We tried talking to a few girls like Ondie, asking where the party was. Until we saw a couple of attractive girls wearing red. I asked them where they were from. Norway. Typical. We were walking into the main square, which buzzed with lights and excitement. The IPL was held in Dharamshala today– a grand cricket match, and there was a game on now. High lights illuminated the square and scores of Indians thronged to get into the cool-place-to-be, the oldest restaurant in Mcleoudganj. There were green and pink lights strewn from restaurant windows on the other side of the square, and thousands of moths cluttered the high white light; cars honked; policemen in khaki and berets signaled; the mob pushed in front of the restaurant; and the Norwegian girls, who were not two, but five, were walking past us to get a seat. Upon Davi’s guidance, Ram and Dav scouted it out. It was full, but the Norwegian girls were there, and if they were going to sit, so were we.
“Hello again,” I said to one with curly brown hair, green eyes and a red blouse.
“It’s full,” she shrugged. But there was movement ahead. They were going upstairs, to the roof. And so were we.
Soon we were seated together, and I was sitting next to her. Pernila. Very tan. Nice forehead. They were all wearing red because today is National Norway Day, when they gained independence from Sweden. They drank beer, and sang us their national anthem, describing how back home everyone dresses up in their national suit, reserved only for special occasions, with poofy sleeves and pants with roses painted on them– traditional Scandinavian garb– and dances on tables, drunk, shouting hoorah.
The girls were served first, and we were ignored. Oddly, as though by inclusion, Pernila never got her soup. It took an hour to get our waiter to bring me a beer and to take the gents’ orders. There was music and colored lanterns, the smells of Chinese food, Indians in cricket jerseys leaning over the banisters to mock the crowd below. The moths had not let up in the white light; tall white people drank mugs of beer; and above I glimpsed stars and the fluffy underside of evergreen branches through the tarps. Everywhere was a sense of celebration.
When Pernila and my friends finally got their food, all was well in the world. I was fighting back the urge to compliment Pernila since I knew that all the girls were staying together in two rooms, and she was tired after being in the doctor’s office all day due to a dust allergy, which had constricted her throat this morning. Save it for tomorrow, if we go to the waterfall, if I ever see her again. And I told myself to enjoy simply sitting next to this fine young Norwegian, and all of her friends with high cheekbones and a propensity to nationalism on this fine May evening. I looked up at the pinnaced frond of the evergreen bough, the fluttering moths in the black sky, thinking of how in Atonement, Emily remembers the sophistry of a scientist who once told her moths fly to light to try to get past it into deeper darkness, which is what they really like. Sophistry indeed. I smiled, feeling my beer, and looked beyond the moths into the cosmos above.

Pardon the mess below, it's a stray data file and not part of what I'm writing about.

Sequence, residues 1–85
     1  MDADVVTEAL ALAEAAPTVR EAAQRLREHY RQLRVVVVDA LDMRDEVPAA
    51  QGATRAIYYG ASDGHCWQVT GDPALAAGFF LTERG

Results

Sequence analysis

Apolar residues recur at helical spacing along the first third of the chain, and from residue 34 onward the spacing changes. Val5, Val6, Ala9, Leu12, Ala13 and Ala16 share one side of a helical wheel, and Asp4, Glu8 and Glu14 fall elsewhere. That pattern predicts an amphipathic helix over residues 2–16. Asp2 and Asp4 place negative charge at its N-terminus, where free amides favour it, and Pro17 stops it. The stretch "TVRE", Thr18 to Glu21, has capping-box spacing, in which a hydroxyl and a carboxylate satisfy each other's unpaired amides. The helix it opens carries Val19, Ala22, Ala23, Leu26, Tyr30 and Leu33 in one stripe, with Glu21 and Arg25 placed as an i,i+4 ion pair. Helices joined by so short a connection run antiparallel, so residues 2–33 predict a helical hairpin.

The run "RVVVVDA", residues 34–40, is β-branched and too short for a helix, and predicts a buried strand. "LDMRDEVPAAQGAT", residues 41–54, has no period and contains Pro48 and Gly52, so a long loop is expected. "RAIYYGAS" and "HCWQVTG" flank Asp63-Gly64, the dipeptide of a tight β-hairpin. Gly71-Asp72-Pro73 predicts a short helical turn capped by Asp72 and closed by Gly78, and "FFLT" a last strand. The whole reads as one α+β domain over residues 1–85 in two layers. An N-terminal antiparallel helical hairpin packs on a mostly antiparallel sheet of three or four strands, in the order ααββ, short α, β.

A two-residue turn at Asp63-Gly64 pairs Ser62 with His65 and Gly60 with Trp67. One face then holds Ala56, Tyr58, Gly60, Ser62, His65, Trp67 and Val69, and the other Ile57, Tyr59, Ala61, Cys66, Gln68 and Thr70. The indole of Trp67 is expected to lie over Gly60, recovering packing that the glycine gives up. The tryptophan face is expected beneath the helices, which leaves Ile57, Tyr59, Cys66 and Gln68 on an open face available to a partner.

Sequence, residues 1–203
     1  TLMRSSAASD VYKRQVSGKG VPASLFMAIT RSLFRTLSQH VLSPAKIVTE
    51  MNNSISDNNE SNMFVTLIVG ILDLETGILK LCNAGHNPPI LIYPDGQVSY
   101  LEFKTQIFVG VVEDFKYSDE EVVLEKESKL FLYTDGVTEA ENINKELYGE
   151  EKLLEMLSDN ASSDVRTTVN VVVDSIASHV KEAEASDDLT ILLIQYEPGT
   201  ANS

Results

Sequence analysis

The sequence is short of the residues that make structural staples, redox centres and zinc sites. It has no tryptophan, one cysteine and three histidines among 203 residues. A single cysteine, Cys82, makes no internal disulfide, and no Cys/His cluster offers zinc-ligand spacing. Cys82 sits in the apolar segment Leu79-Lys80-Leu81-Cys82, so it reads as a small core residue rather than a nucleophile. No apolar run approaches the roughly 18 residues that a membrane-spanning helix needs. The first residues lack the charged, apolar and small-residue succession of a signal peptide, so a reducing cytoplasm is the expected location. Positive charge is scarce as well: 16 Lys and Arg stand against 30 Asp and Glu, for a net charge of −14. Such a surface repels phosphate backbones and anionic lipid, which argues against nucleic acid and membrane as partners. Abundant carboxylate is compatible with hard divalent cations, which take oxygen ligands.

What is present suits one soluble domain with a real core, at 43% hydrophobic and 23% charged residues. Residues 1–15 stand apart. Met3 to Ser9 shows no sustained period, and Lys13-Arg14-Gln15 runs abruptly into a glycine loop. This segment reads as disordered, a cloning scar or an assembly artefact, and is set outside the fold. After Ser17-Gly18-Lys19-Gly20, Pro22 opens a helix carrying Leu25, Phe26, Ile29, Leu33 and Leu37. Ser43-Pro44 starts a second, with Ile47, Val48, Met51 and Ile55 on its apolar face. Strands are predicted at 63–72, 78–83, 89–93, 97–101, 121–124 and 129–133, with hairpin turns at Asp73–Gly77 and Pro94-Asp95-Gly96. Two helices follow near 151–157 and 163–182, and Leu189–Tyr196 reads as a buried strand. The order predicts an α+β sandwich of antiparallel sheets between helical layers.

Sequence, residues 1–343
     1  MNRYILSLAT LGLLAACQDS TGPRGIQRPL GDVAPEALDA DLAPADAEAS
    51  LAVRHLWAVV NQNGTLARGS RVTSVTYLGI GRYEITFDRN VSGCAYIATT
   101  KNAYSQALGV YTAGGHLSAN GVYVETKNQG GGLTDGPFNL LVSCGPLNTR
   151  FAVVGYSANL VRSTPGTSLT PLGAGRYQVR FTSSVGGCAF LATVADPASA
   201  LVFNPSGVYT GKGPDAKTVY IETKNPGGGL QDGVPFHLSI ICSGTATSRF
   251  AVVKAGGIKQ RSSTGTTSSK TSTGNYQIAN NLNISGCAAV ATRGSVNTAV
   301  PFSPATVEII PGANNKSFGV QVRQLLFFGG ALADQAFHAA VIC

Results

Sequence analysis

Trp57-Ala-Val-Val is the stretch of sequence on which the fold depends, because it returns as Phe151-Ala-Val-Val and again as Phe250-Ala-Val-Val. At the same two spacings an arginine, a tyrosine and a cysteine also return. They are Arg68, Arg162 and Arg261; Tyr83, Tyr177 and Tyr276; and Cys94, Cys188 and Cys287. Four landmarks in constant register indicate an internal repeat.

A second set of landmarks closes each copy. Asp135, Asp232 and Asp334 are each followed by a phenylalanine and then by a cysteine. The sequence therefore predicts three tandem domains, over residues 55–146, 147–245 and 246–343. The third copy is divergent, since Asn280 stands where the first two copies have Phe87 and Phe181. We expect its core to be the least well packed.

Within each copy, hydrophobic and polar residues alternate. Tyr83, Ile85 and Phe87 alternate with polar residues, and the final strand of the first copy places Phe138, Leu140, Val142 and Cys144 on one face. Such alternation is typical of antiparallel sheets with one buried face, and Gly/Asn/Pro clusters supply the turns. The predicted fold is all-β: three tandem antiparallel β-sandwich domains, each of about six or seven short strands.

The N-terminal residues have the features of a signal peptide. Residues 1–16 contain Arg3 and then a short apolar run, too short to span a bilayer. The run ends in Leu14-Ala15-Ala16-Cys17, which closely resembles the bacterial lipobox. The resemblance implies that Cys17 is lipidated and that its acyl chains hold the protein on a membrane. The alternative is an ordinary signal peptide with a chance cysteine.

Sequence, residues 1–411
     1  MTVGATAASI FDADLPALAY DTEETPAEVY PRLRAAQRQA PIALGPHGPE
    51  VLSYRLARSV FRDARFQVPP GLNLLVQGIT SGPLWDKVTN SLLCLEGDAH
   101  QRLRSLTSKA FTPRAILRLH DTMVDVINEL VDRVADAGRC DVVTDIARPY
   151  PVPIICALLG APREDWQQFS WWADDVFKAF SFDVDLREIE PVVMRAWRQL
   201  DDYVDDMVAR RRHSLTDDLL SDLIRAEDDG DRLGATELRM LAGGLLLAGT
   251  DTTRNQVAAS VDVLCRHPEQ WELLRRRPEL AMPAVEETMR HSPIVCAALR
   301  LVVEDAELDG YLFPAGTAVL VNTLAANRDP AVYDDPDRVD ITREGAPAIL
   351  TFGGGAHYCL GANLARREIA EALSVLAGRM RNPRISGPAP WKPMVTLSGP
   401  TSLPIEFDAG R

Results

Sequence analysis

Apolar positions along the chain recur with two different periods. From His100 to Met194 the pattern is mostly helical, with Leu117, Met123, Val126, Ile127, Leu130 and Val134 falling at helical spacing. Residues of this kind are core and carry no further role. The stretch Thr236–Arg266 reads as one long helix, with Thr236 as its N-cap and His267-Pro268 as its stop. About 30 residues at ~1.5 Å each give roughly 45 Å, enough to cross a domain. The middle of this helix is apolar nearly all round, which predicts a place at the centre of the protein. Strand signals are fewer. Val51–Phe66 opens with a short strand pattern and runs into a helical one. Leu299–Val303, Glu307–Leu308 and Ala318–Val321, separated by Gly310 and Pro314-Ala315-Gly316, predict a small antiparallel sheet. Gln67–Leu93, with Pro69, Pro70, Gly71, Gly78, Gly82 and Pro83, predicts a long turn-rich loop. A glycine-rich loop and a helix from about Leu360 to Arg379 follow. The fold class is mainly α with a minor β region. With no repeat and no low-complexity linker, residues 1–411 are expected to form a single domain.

The cricket match was over, the furrowed brows that accompany bill-paying had uncreased, Ram had shown me his party trick of tucking a lit cigarette into his mouth by attaching it–how I don’t know– to his tongue, and we were outside in the mob of drunk Indians. They wanted photos with the Norwegian girls. Of course they did. I told the girls to own it, strike a pose, and look like the swimsuit models they could be. But soon everyone wanted a picture. We were like celebrities. We had emerged from that restaurant where Pierce Brosnan eats when he comes to Dharamshala. We could be related to him. Or we could be cricket players. And Pernila started charging 100 rupees per photo. They were willing, heads nodding, eyes bright, yes, one more, group photo. We had to get out of here. Now they were pushing. Now they were following us down the hill, maybe fifteen men. What did they use these pictures for, Pernila asked. Masturbating. Obviously. To show to their friends. Look who we made friends with. We went out for beers. We stayed in a guest house together. WIth all of them. No. They wouldn’t. Pernila asked the portly little one, why do you want these pictures? Personal reasons. Duh. They kept walking. Group photo, they called out. We tried telling them to go home, but they didn’t care. We were celebrities. Of course we would say go home, of course it was annoying. Did paparazzi stop taking shots because it was annoying? But enough was enough. 3000 rupees for photo, Pernila shouted. Yes, yes, they nodded, eyes brighter than ever. We are your bodyguards. Where you need to go. No, we know where we need to go. A car coming down the road fell into a faulty grate. That sound and the spectacle took away two-thirds of them. Now there were five or six left. No! Enough! Not one more group photo.